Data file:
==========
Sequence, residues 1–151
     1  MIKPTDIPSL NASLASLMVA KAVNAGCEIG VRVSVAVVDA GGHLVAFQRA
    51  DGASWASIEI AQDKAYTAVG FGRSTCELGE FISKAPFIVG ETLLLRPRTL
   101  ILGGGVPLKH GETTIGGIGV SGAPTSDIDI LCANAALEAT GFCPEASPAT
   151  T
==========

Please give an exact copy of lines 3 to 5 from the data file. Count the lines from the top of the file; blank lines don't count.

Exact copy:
    51  DGASWASIEI AQDKAYTAVG FGRSTCELGE FISKAPFIVG ETLLLRPRTL
   101  ILGGGVPLKH GETTIGGIGV SGAPTSDIDI LCANAALEAT GFCPEASPAT
   151  T